And cities just don't come more urban than Glasgow. It has its streets that, thanks to the natural topography, make you feel like Steve McQueen in Bullet, thumping down the streets of San Francisco toward the Clyde. And then there are the lanes, that are more like the alleys of Los Angeles, with Starsky and Hutch leaving boxes thrown up in their dust. Gough's work is at the eastern edge of the grid, marking its limit. The site is now occupied by two different office buildings, one of them the preserve of the city's Housing Department, Wheatley House, the other a tax office known as Cotton House. But czwg's buildings look anything but the part. They look like the fabric of a busy commercial city, rather than a bureaucratic landmark, or a conventional architectural filing cabinet. They are scaled up at street level to acknowledge pedestrians, and later stages will involve ground-level activity such as shops and cafes. It's a reminder of just how much the centre of Glasgow has threatened to come unravelled that such a large block was available for a single development. But also of just how powerful is Glasgow's architectural dna that such an ambitious project is possible.
The long facade on Cochrane Street, facing the Frenchified classicism of City Chambers' later extensions, is dominated by Gough's brand-new invention, the Clyde Order: giant stone columns, topped by capitals that take the form of ships' prows, in cast concrete, with iron handrails that look like the kind of thing that might have graced a Titanic poster. The giant order of columns, four storeys high, marches in stately fashion across the Cochrane Street facade, sitting on a comfortable rusticated base, the rhythm underscored by three-storey-high glass-and-bronze panels cut into the stone on each side of the columns, and interrupted by an inflection that marks the main entrance.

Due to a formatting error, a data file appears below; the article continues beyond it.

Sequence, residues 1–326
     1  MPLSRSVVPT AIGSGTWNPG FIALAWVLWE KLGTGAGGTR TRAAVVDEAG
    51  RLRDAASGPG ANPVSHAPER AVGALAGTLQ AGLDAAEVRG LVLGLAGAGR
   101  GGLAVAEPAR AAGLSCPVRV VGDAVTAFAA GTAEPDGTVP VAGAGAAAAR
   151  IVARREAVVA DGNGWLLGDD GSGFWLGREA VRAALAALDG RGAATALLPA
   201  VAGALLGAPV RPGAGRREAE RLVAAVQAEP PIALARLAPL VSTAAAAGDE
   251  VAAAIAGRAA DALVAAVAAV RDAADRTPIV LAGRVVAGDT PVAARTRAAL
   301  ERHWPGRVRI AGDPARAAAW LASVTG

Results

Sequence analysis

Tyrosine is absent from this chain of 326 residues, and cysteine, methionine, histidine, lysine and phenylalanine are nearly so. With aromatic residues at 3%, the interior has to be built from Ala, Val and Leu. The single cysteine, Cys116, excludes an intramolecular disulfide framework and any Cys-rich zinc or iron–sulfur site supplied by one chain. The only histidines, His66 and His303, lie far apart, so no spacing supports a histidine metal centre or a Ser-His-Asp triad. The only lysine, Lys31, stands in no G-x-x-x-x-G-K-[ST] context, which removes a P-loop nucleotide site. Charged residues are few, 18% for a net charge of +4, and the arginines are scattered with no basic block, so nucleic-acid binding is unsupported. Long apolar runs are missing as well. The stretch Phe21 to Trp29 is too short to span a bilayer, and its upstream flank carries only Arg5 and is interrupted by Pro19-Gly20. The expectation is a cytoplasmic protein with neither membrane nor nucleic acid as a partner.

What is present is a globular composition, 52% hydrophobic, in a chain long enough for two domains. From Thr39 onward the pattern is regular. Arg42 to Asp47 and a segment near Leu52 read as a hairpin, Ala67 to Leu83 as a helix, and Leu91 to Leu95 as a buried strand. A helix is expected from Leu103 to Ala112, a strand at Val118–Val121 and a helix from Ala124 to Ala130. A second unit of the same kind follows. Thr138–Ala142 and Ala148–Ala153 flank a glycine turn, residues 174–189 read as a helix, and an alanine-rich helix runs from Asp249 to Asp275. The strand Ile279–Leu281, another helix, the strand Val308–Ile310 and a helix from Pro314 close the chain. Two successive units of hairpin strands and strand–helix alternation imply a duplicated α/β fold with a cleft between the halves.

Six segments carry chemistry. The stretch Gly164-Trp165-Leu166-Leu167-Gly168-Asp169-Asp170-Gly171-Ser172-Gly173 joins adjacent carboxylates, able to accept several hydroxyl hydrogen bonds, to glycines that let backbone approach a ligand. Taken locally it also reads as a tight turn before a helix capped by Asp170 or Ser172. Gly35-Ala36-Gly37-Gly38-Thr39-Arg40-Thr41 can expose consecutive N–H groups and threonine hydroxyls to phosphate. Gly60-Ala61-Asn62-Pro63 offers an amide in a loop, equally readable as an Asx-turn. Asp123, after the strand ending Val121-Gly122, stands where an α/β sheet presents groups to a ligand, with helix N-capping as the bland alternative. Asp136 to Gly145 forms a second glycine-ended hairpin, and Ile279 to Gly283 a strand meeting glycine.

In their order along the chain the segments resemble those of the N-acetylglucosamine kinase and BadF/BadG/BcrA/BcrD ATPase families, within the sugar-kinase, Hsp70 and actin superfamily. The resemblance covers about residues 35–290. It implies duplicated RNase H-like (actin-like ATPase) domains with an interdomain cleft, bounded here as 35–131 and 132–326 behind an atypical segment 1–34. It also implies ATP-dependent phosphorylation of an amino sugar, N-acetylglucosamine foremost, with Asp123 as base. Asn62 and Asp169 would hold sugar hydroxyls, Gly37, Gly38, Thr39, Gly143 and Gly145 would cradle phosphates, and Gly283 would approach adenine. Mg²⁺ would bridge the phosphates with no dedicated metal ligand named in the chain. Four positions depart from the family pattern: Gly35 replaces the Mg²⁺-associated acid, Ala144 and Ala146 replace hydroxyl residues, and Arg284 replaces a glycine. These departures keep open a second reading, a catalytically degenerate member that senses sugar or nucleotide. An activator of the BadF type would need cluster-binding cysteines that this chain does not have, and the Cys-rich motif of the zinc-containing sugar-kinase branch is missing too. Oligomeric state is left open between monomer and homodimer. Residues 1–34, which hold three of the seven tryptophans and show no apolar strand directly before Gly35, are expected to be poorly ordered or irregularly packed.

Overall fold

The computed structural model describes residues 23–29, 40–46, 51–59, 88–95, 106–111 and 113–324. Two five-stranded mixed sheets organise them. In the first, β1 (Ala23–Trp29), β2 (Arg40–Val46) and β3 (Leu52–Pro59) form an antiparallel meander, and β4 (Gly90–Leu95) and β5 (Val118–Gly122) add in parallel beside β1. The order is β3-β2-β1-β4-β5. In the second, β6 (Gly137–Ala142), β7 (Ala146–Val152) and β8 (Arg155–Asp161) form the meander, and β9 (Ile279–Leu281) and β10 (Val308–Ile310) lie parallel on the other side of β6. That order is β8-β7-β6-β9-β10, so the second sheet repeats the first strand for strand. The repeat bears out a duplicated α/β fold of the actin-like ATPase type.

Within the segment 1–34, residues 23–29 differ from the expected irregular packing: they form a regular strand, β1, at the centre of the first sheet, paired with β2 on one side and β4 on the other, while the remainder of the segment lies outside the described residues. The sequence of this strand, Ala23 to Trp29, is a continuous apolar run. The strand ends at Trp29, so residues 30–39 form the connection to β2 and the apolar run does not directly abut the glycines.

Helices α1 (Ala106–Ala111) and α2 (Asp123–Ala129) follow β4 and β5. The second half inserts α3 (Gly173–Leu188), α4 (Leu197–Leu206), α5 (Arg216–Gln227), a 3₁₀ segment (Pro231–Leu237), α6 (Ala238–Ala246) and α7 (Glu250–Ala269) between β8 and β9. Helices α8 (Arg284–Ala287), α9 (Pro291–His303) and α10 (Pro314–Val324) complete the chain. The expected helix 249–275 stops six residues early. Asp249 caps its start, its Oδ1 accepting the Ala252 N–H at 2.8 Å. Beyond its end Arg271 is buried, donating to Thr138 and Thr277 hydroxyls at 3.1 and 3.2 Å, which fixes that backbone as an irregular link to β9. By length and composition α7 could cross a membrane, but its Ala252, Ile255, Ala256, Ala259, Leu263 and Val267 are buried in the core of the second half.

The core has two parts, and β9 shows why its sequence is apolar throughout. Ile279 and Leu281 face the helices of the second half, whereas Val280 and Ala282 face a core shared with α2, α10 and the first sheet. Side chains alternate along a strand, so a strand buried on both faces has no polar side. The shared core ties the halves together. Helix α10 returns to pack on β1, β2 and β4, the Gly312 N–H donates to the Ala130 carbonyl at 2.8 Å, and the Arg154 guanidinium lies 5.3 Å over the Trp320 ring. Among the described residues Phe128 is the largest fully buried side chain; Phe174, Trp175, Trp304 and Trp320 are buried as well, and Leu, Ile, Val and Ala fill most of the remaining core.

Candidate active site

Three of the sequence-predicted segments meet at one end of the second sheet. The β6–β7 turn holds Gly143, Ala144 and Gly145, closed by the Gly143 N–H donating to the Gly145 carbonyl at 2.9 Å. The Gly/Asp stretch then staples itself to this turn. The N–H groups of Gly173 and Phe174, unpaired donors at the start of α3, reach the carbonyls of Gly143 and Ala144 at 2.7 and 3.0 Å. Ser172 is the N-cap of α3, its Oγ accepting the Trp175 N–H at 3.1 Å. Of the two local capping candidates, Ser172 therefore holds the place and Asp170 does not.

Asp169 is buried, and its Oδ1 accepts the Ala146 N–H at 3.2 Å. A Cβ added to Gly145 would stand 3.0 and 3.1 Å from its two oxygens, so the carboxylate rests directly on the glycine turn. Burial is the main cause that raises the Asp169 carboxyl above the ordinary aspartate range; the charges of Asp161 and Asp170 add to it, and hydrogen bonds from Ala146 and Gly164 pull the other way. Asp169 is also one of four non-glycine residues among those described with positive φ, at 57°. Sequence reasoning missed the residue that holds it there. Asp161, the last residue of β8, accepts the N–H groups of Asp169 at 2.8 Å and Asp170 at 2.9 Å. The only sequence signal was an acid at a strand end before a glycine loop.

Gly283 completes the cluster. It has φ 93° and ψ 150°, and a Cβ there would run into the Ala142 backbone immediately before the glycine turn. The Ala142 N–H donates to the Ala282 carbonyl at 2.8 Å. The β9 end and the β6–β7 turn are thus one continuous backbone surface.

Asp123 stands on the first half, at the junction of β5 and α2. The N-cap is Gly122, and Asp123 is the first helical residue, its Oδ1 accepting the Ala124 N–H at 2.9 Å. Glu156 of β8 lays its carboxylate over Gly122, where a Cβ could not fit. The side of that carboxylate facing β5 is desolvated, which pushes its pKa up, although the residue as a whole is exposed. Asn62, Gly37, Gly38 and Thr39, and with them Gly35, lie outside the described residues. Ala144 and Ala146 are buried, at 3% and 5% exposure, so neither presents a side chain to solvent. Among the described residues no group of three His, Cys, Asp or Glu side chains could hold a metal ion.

There is enough detail in the stone, and enough subtlety in the proportions and rhythms, to ensure that this is no architectural one-liner. And as you move around the scheme, Gough deploys a range of architectural effects: seen head on, the columns look quite different from the way they do from an angle. The scheme's second phase turns the corner into Montrose Street and offers a quite different character, with a zig-zag facade that suggests that this is the extreme edge of the grid, and that the city beyond marches to a different rhythm. This has the effect of giving the Cotton House two quite different facades. On one side it shares the vocabulary of giant columns with the housing department. On the other side the flavour is a little more deco. The point is that the two offices have been designed at the urban scale, rather than at that of the individual building. The corner is itself marked by a series of setbacks, each of which rises by an additional storey, in a manner strongly suggestive of pre-war Berlin, before setting off on its riveted-bronze and glass zig-zags.
The exact form of the third phase is still under discussion, but will eventually complete the block as a symmetrical facade with stone wings at each corner, before turning into Ingram Street where it will face the austere pediment of the city's long-derelict sheriff court. The plan had to take account of the contemporary realities of the office market: large floorplates, planned around light wells, with brick walls that will eventually vanish behind the stone street front.